Foundations Of Cognitive Science

Classical Conditioning

In the 20th century, prior to the birth of artificial neural networks (McCulloch & Pitts, 1943), empiricism was the province of experimental psychology.  Detailed study of classical conditioning (Pavlov, 1927) explored the subtle regularities of the law of contiguity.  Pavlovian or classical conditioning begins with an unconditioned stimulus (US) that is capable, without training, of producing an unconditioned response (UR).  Also of interest is a conditioned stimulus (CS) that when presented will not produce the UR.  In classical conditioning, the CS is paired with the US for a number of trials.  As a result of this pairing – which places the CS in contiguity with the UR – the CS becomes capable of eliciting the UR on its own.  When this occurs, the UR is known as the conditioned response (CR).  Although classical conditioning is usually seen to be part of behaviorism or animal learning theory, it has important contact with cognitive science.  For instance, Dawson (2008) examined the relationship between animal learning models and perceptron models of classical conditioning, and discovered some paradoxical findings that required an appeal to the tri-level hypothesis of cognitive science in order to be disentangled.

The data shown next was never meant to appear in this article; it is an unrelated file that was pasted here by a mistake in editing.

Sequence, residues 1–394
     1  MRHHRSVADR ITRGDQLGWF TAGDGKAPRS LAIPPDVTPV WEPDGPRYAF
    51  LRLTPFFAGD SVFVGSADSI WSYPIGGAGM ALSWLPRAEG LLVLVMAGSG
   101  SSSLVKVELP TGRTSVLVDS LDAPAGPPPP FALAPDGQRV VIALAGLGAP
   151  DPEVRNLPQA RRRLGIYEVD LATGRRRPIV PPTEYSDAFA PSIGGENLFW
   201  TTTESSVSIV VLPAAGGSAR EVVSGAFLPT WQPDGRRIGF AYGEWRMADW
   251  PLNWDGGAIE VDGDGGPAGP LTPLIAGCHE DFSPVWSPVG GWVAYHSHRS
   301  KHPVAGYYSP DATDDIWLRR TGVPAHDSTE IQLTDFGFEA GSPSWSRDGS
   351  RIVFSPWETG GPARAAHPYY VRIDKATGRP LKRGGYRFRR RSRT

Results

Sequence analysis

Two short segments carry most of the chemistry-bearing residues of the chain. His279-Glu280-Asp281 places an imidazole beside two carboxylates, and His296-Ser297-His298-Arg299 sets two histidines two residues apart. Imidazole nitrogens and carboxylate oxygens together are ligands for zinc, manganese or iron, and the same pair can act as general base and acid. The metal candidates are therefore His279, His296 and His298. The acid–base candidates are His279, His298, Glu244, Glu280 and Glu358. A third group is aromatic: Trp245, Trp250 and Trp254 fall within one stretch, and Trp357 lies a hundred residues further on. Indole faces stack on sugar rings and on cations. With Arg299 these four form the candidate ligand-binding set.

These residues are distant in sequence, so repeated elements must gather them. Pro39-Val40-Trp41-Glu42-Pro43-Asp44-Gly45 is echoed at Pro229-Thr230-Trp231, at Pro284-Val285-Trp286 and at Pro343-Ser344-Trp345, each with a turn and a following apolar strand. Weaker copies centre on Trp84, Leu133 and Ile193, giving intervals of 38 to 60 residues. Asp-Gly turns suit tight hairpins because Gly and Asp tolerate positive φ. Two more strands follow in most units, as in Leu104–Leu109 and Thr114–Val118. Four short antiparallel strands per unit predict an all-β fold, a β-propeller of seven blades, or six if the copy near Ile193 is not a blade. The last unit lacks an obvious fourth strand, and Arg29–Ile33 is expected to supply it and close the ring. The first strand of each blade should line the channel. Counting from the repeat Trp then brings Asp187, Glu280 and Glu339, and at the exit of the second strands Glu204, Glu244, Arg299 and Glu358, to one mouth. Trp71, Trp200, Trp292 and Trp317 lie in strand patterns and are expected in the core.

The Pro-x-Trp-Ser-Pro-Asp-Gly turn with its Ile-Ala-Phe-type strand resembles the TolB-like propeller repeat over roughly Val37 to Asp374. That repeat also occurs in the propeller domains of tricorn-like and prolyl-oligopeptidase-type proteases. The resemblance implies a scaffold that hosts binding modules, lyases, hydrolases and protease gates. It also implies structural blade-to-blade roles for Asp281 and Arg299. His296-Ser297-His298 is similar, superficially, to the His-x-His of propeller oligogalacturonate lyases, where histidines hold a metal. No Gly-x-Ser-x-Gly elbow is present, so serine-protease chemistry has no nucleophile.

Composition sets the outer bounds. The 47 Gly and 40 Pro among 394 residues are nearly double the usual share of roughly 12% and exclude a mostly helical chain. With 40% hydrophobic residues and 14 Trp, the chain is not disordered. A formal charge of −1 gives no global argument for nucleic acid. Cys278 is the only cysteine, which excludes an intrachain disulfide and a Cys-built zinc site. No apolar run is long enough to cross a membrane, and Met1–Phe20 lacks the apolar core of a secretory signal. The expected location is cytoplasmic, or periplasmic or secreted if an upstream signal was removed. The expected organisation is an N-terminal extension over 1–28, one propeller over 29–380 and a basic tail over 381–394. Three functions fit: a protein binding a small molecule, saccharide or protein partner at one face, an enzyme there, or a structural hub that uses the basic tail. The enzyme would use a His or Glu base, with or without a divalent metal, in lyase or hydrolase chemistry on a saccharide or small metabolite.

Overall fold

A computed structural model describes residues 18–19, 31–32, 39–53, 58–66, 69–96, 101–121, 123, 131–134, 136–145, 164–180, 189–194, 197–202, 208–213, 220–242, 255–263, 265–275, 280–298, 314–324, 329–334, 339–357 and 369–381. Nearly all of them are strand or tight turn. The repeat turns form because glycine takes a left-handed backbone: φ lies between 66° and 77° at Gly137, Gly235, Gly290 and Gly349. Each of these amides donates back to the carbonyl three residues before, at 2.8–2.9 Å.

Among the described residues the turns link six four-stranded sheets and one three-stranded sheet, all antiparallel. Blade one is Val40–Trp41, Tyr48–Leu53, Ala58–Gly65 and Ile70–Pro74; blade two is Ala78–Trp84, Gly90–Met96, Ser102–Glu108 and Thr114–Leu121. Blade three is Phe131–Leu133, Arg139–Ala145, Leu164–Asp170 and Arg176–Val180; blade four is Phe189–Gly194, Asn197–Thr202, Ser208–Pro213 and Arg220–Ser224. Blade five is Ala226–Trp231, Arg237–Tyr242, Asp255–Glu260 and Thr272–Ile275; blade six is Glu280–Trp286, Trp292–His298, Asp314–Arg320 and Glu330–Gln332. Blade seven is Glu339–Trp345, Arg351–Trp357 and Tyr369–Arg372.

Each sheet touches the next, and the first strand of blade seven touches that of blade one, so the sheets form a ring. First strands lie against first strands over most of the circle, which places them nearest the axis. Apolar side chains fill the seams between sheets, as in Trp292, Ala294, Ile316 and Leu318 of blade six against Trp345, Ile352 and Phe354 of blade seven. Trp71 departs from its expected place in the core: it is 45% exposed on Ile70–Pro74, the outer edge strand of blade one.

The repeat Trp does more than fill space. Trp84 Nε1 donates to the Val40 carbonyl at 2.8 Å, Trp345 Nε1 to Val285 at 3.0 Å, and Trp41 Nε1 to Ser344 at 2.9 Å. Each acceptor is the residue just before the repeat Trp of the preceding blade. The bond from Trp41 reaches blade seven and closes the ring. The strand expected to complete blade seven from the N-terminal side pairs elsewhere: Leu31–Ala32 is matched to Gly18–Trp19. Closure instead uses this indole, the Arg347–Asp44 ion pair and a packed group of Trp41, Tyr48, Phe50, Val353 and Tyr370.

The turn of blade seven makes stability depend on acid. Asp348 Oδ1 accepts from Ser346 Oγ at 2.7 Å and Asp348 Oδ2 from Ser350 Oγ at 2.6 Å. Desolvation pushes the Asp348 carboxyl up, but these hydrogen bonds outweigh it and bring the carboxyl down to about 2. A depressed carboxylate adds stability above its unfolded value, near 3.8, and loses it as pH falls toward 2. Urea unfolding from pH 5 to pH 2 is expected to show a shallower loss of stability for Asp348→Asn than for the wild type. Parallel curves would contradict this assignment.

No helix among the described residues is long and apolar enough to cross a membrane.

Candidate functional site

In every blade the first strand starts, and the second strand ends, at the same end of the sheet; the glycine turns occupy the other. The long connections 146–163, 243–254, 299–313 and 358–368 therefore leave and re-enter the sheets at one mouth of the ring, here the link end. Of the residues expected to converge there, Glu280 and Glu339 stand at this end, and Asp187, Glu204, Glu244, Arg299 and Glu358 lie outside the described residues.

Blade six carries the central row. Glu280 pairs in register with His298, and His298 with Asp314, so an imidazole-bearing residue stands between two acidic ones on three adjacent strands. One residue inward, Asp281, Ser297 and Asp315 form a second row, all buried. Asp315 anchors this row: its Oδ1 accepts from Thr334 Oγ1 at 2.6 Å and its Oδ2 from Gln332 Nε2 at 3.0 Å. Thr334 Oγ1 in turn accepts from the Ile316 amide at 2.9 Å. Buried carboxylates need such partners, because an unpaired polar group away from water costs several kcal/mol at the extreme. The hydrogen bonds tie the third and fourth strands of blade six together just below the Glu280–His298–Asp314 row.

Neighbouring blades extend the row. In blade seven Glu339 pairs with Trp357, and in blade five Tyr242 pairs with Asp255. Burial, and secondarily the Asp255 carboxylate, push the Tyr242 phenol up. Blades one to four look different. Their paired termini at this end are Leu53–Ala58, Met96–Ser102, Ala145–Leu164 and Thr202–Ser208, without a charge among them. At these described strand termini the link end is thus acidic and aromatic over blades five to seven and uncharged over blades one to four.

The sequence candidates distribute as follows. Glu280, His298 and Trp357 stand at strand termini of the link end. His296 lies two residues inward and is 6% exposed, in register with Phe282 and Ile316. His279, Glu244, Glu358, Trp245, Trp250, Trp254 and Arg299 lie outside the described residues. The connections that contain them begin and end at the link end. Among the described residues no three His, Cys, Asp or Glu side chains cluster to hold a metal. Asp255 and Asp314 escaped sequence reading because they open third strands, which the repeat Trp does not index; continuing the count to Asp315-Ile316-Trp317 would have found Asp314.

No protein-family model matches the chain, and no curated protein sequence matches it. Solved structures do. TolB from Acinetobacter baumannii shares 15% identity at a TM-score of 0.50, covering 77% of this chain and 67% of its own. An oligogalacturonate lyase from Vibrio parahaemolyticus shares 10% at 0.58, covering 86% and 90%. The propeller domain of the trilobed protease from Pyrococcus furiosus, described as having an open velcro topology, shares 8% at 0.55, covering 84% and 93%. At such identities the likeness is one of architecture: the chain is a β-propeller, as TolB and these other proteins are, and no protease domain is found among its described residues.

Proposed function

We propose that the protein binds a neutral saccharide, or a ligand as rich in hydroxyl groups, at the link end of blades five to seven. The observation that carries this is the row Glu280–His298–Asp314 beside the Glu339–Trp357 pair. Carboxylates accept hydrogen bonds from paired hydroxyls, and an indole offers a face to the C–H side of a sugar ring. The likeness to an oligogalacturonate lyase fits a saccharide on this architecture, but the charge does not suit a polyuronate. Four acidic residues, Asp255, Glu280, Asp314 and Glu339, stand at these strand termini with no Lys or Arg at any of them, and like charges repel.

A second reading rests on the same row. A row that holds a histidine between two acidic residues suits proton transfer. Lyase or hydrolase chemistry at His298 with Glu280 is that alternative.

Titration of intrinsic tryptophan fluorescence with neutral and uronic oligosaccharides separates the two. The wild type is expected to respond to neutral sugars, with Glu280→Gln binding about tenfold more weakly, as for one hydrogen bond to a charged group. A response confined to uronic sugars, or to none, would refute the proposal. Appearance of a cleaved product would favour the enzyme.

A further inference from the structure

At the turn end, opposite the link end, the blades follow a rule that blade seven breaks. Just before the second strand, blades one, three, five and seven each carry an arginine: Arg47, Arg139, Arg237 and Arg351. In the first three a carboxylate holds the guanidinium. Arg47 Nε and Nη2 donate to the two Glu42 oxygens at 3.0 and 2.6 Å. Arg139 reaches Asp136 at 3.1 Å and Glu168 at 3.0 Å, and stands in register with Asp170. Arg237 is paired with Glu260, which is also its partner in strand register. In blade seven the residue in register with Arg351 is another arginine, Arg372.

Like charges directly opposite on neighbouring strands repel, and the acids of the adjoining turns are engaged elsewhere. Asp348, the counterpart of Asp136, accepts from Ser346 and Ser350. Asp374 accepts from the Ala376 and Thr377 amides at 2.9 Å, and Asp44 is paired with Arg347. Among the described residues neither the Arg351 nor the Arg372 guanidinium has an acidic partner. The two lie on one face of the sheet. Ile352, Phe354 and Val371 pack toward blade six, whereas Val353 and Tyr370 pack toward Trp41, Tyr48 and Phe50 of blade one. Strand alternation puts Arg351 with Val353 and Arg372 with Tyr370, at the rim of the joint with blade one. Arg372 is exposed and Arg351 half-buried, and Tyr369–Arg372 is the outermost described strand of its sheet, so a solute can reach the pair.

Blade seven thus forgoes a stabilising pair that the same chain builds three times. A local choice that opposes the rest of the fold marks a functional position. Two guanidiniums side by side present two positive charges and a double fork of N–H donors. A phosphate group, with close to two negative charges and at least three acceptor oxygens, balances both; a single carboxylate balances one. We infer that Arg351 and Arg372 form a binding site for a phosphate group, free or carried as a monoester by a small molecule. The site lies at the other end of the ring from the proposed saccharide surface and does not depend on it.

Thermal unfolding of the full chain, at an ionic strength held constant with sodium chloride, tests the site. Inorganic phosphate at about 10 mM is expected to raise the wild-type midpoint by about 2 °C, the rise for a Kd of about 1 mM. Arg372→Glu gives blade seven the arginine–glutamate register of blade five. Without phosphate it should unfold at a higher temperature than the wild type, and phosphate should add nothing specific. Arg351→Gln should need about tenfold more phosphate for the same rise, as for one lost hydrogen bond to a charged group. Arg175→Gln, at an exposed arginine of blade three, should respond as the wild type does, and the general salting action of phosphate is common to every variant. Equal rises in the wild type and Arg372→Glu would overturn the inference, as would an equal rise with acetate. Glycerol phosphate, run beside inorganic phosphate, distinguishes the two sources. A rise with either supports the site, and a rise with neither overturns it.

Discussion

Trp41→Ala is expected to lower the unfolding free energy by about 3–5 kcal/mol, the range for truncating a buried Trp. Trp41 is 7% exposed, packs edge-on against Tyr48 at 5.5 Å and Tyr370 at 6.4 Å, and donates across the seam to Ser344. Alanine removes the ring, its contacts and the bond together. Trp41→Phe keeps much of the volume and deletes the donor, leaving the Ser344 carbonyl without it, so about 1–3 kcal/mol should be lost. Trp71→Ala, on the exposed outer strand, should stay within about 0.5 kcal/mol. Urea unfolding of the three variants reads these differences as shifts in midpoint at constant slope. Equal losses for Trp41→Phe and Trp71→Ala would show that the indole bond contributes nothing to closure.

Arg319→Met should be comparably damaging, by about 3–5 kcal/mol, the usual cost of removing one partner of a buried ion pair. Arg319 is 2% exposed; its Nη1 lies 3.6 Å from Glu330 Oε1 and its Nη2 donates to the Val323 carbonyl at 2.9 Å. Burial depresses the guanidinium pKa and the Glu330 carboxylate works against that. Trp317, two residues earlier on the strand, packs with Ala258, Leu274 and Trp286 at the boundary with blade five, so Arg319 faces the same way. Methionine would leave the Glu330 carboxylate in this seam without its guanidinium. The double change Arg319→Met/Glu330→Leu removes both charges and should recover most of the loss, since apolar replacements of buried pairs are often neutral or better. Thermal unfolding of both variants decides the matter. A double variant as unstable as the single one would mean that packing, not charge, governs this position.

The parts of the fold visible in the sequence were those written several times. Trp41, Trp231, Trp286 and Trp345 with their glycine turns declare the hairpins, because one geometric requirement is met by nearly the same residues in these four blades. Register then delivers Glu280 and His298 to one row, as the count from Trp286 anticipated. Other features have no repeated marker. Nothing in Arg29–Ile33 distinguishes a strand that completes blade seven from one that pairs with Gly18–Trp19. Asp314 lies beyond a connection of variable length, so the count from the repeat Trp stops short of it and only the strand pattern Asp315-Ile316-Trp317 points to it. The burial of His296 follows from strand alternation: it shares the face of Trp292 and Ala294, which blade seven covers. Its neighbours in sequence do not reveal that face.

1. Dawson, M. R. W. (2008). Connectionism and classical conditioning. Comparative Cognition and Behavior Reviews, 3 (Monograph), 1-115.
  2. McCulloch, W. S., & Pitts, W. (1943). A logical calculus of the ideas immanent in nervous activity. Bulletin of Mathematical Biophysics, 5, 115-133.
  3. Pavlov, I. P. (1927). Conditioned Reflexes. New York, NY: Oxford University Press.

(Added April 2011)